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POSITIVE BIRTH STORIES: JADE

FIRST TIME MUM, HOME WATER BIRTH,
42 WEEKS

Originally, Jade planned to head to the birth centre to have her baby, but after putting the time into learning about the birthing process and talking it out with her partner, they chose their home as their safe space to bring their baby boy into the world. Below, Jade tells the story of her wonderful home birth.

“Throughout my due time, I spent my days waiting and wondering when my baby boy was going to join me earth-side. As much as I tried to stay positive & be patient, I was so uncomfortable. I knew that as soon as I reached 42 weeks I’d be pressured for an induction & I feared my choice to birth at home would be threatened.

HOW IT STARTED

I’d been experiencing a dull, period-like ache on and off for about week, particularly at night. On the 30th September 2021, 13 days ‘overdue’ at 6am, I felt my first surge. I felt so excited and kept repeating to myself “I am going to meet my baby today!” My surges were sporadic & lasting around a minute. I was adamant I was getting this baby out today, so went downstairs to bounce on my birth ball.

I had a routine midwife appointment booked at 11am, but wasn’t sure whether to attend as I was pretty certain labour had begun, albeit slowly. We spoke to the midwife who explained it would be beneficial to go in so that they could check my blood pressure etc. My partner drove me to the midwife hub. During our time there my surges died down and I felt as though things had stalled. I’d done lots of preparation with my doula during pregnancy around the physiology of birth and the birth space; this made me realise, first-hand, that your environment and comfort play such a huge role in labour progressing. 

CALLING IN MY BIRTH TEAM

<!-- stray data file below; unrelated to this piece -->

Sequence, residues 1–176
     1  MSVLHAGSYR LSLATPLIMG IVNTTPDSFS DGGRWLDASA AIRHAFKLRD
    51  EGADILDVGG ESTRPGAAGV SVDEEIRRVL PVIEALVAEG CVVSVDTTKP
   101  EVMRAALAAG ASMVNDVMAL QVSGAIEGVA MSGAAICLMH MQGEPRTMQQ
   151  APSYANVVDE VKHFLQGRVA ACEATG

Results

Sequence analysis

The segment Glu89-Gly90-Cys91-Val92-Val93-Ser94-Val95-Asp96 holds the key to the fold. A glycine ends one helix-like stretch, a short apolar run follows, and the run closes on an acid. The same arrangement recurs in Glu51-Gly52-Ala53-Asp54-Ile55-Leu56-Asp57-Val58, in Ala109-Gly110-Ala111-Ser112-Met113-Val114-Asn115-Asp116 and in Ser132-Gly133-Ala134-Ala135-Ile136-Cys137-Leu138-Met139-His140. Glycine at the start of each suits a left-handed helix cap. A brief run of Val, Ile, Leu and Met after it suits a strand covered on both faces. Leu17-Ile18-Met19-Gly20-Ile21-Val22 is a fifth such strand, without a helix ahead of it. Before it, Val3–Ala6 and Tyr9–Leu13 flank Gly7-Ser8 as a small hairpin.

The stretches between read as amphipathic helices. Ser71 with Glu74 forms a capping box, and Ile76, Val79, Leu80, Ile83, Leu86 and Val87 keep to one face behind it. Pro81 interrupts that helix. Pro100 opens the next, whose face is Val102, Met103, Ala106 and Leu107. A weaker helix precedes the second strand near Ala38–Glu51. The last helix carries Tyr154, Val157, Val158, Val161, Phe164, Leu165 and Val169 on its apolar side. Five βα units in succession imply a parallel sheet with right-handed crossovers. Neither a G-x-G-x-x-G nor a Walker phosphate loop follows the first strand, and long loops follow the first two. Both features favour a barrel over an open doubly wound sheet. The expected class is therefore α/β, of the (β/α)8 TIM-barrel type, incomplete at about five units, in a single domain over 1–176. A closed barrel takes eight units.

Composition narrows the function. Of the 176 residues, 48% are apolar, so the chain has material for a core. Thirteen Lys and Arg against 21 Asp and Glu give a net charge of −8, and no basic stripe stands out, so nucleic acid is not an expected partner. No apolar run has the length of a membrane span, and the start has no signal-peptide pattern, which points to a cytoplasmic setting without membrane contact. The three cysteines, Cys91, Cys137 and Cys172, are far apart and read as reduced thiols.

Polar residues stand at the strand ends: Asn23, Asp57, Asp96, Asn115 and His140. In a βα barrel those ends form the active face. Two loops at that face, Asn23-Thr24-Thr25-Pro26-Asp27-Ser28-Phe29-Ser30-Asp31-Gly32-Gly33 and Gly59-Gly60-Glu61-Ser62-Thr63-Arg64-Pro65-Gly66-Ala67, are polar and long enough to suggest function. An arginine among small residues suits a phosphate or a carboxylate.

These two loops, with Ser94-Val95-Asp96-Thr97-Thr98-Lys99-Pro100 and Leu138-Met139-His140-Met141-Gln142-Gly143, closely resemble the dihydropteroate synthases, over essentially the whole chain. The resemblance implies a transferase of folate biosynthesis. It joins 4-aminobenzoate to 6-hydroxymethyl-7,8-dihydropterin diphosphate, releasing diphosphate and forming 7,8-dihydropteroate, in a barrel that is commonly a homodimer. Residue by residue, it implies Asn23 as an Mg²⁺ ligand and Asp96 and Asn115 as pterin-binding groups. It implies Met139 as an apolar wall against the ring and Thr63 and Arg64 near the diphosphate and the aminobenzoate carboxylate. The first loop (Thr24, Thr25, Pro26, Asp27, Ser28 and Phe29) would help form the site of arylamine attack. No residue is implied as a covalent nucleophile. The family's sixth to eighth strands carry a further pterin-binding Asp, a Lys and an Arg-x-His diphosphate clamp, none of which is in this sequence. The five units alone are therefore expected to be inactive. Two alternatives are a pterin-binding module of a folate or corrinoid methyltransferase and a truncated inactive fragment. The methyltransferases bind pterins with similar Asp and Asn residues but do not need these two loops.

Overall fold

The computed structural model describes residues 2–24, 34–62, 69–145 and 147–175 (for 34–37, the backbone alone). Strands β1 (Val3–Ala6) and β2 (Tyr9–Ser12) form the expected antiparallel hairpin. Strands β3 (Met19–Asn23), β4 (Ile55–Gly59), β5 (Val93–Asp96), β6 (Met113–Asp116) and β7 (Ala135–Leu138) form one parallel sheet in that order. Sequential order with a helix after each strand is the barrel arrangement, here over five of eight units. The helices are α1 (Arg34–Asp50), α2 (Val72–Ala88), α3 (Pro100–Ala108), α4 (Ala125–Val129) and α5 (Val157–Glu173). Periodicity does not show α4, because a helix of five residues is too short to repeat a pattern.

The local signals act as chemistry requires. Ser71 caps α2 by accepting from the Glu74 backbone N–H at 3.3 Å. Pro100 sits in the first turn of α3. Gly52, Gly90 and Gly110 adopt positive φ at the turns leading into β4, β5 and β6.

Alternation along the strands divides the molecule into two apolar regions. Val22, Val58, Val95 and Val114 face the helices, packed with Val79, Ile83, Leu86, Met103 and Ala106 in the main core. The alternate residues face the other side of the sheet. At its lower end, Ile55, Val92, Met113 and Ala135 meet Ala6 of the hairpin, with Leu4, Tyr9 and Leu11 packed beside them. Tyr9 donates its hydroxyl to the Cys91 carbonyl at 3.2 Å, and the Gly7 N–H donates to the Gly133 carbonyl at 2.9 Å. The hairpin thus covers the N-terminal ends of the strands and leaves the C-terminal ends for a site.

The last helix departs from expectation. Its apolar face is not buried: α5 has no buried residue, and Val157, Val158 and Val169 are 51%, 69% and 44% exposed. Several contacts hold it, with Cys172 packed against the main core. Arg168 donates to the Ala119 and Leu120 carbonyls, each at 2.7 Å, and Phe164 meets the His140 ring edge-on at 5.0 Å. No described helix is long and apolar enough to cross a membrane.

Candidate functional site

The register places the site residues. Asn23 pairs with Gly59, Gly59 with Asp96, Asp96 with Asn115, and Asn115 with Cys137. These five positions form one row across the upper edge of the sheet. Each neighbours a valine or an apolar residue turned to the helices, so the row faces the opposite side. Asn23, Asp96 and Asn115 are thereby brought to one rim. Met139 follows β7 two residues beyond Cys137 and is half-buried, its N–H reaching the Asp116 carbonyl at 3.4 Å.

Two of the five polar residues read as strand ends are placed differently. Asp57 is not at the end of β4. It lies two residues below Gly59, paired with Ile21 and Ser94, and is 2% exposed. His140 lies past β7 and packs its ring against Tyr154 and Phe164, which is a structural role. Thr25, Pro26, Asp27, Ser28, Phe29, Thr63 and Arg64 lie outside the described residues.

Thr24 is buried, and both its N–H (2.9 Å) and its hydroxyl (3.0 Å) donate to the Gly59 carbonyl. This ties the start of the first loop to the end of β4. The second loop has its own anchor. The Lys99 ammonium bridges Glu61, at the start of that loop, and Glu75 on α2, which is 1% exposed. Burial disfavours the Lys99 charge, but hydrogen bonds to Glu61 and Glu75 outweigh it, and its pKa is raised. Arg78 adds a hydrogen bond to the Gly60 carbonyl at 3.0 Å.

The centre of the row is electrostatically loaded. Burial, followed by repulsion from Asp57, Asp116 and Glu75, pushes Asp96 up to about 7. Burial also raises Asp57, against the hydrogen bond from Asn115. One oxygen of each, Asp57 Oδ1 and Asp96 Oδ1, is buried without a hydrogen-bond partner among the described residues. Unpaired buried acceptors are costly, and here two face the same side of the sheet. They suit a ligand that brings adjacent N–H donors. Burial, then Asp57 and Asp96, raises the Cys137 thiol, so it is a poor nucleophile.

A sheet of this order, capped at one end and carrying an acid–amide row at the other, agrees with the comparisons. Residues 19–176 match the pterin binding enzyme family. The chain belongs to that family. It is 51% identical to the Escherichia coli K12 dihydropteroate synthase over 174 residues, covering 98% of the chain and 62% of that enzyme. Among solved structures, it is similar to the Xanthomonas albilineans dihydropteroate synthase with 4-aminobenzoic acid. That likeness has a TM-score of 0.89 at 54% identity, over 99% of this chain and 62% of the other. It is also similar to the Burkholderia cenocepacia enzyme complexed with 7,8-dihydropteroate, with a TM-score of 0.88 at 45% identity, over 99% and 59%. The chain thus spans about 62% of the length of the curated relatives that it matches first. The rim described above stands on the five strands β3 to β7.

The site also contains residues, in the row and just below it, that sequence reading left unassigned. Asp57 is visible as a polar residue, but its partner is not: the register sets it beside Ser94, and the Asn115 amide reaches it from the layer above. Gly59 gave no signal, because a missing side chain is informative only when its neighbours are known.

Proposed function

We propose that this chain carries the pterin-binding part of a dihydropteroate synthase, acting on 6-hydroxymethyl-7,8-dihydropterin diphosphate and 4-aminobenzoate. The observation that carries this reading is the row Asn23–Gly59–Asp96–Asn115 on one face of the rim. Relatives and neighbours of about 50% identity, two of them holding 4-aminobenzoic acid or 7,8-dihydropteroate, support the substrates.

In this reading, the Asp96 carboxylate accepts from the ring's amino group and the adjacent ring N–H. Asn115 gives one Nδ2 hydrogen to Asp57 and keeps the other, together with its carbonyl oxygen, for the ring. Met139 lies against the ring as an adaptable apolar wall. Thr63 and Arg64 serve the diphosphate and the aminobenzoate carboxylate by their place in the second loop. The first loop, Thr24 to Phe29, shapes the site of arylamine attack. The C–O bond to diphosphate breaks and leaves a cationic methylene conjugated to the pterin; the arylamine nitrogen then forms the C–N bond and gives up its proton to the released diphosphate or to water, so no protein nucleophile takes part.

When we got back home around 12pm my surges came on thick and fast. I started timing them at this point and they were between 3-5 minutes apart, some lasting up to a minute & a half. I called my doula, Sophia. She said she’d be with me within the hour. When she arrived we spoke to the community midwife team. We thought it was best to give them plenty of notice that my labour had begun, as I had received a couple of calls during that week warning me of staffing issues. I did not want lack of staff to be a reason for transfer. The midwives said they would be with us at 5pm. I moved from the ball & spent the next couple of hours knelt over the back of my sofa. My partner fed me coconut water and rubbed my feet, Sophia set up the birth pool and got the birth space ready. My mum arrived shortly after this. 

I got into the pool around 5pm, before the midwives arrived about an hour later. I was using my breath to stay focused as I wasn’t getting much of a break between surges. Sophia saw the midwives into the kitchen and asked them to read my birth preferences. They asked me if I was happy to be examined and have all the routine checks. Sophia reassured me that I didn’t have to consent to getting out of the pool for this, but I felt happy for them to check everything was progressing as it should be. I struggled with getting out of the pool, but being monitored re-assured me all was okay. I was back in the pool in no time. The midwives then proceeded to sit in the next room to leave me and my birth partners alone.

PROGRESSION

The night started to draw in, the surges were getting more and more intense. An hour after the midwives arrived I asked for gas & air. After a few minutes I realised it wasn’t working for me; it was effecting the rhythm of my breathing, so I continued without it. 

At this point I was completely in my zone. I trusted that things were progressing as they should and really felt that I didn’t have long left. I kept repeating positive affirmations in my head.

SECOND STAGE

At around 11.30pm I started getting the urge to push at the end of each surge. My birth partners offered gas & air again, I accepted. I managed to get into a flow with it this time as it helped ease the sensation of each surge. I was able to relax in between. After about an hour, I noticed I was passing large blood clots. The midwife reassured me that I needn’t worry. She offered to assess me again and explained that pushing before I was fully dilated could cause my cervix to tear. I was happy to be assessed, for piece of mind, so consented to another examination. This meant getting out of the pool again – it was even harder this time! I felt weak and I didn’t want to leave the water.